So, it really wasn't designed to work unless, really, the misdirection campaign was to get us away from the fact that the CIA annex there was dealing in arms to Syria through Turkey, which was illegal at the time.

WALLACE: So, just to follow up, are you going demand answers in Benghazi in the Nuland confirmation hearing? And would you, conceivably, as part of that, put a hold on her nomination?

PAUL: I haven't made a decision on the Nuland nomination yet. But we are going look very carefully and I will be asking probing questions because I still want to know why we were misdirected, why was Ms. Nuland involved? And did she talk to Hillary Clinton that night.

I would never have my press spokesman making statements for me throughout the night on an international crisis without talking to me. So, Hillary Clinton says, "Oh, I had nothing to do with the talking points." Well, her spokesman all night long was rewriting the talking points -- I just find it beyond credulity.

WALLACE: Let me turn to another subject. On Friday, the Senate began debate on comprehensive immigration reform. You say you support that idea in concept.

On the other hand, you now have come out against a new path to citizenship and you say that before any reform that the border has to be secured first.

Senator, as a practical matter, isn't that going to prevent any kind of comprehensive reform?

PAUL: No. I still think we can have immigration reform. I think we need to fix the system. The reason why we have 11 million undocumented people here is because we have a broken visa system. About half of them came here to work legally, but then they found a better-paying job and we prevent them from being -- going from a farm job to a construction job.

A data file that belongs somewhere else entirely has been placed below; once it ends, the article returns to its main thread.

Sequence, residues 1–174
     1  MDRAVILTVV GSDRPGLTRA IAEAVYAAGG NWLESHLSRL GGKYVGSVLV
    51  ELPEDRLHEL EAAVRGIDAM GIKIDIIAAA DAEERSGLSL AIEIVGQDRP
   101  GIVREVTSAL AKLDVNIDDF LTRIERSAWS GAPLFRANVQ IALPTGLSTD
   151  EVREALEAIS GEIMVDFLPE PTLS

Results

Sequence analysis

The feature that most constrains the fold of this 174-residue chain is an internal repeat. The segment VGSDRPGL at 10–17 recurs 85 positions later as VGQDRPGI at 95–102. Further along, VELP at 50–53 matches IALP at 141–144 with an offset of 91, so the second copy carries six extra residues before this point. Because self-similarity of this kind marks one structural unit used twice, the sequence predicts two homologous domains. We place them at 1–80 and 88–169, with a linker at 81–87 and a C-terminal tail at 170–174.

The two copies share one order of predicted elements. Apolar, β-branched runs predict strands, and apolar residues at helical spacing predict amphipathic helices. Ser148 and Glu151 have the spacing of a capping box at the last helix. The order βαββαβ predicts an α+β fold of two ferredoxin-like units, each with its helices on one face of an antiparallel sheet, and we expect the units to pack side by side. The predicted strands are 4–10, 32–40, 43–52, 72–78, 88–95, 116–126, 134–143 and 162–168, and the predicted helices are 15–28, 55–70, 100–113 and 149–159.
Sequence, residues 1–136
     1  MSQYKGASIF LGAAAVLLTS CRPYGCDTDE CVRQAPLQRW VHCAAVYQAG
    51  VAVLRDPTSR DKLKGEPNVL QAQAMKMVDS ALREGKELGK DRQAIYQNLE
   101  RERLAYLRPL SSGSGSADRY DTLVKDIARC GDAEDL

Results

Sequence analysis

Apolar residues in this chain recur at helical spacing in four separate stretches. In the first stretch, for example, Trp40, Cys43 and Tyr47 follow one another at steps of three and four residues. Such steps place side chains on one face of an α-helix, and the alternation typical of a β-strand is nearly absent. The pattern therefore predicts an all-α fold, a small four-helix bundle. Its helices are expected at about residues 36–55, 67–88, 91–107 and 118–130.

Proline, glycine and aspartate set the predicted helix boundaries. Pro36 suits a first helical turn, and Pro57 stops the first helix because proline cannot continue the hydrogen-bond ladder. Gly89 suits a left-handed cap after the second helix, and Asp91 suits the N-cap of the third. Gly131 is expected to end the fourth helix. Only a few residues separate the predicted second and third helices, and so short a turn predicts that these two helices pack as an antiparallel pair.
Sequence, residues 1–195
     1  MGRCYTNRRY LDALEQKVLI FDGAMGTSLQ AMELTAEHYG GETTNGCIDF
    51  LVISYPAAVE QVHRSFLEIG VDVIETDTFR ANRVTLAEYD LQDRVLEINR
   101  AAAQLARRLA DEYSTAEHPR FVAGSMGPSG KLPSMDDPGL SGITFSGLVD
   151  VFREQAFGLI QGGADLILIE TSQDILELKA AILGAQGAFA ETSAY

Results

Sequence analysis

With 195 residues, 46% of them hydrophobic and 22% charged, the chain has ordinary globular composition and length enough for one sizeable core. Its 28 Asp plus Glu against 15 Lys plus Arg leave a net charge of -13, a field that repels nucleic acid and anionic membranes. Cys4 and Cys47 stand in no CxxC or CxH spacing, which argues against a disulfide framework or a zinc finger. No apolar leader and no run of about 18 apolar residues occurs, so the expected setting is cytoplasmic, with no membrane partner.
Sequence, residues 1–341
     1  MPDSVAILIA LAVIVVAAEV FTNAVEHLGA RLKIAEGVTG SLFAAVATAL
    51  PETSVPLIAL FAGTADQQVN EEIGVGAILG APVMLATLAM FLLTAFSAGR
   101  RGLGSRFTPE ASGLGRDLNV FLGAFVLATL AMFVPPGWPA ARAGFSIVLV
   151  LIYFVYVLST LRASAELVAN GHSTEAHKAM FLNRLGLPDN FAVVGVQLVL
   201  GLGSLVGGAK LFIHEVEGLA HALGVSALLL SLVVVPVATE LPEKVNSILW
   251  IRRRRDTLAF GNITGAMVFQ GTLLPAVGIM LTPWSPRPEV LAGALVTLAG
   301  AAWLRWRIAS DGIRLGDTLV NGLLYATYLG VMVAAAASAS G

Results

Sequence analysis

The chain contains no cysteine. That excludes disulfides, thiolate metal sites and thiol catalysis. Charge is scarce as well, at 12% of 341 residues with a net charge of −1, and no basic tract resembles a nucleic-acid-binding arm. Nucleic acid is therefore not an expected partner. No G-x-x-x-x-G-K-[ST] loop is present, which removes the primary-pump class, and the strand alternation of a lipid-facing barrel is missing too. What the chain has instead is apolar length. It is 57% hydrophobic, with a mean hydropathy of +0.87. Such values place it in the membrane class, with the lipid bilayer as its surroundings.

Guess what? This bill does the same thing.

So, if you don't fix that problem, you don't fix why we have illegal immigration. You need to expand the numbers of workers that are allowed to come to this country. That means I'm all for immigration, but this bill actually puts new caps on immigrants coming out here to pick crops.

So, it does some of the wrong things, and then it doesn't secure the border. It says to the administration -- hey, guys why don't you have a plan to build a fence that we authorized 10 years ago?

I think that's absurd and that's like Obamacare, oh, here, you, the administration, you guys do it. Instead of Congress doing their job and just writing the bill saying, my amendment will say you have to build 100 miles of fence each year and Congress votes on whether or not the border is secure.


PAUL: I think that's the only way to guarantee they're secure.

WALLACE: But just briefly, Senator, you know, you got to tradeoff here. You've got Democrats who want to get citizenship for the 11 million illegals who are here. You've got Republicans who want tougher border enforcement. If you're not willing to compromise on those, you don't get comprehensive reform.

PAUL: I am willing to compromise.

For example, I would let you, if you have a work visa also stand in the citizenship line, but not a new citizenship line. There current exist a line that if you're in Mexico City right now and you want to come and be a citizen in our country, you get in that line. I would let workers who are here on work visa get in the same line, but I wouldn't create a new pathway or a new line.

What happens is, is right now, it's illegal to stand in both lines. If you're here on a work visa, you're not allowed to stand in line to come into the country permanently. I would let you stand in both lines which would be a legal change, but I wouldn't create a new pathway.

The whole point is, there needs to be a conduit. I am the conduit between conservatives in the House who don't want these things and more moderate people in the Senate who do want these things. I want to make the bill work, but see, the thing is, is what they have in the Senate has zero chance of passing in the House. So, why not come to a conservative like myself and say, he's willing to work with you, why not work with me to make the bill closer to what would be acceptable in the House?

So, I'm really trying to make immigration work. But they're going to have to come to me and they're going have to work with me to make the bill stronger if they want me to vote for it.

WALLACE: We're going to stay on top of it. Senator Paul, thank you so much for coming in today, sir.

PAUL: Thank you.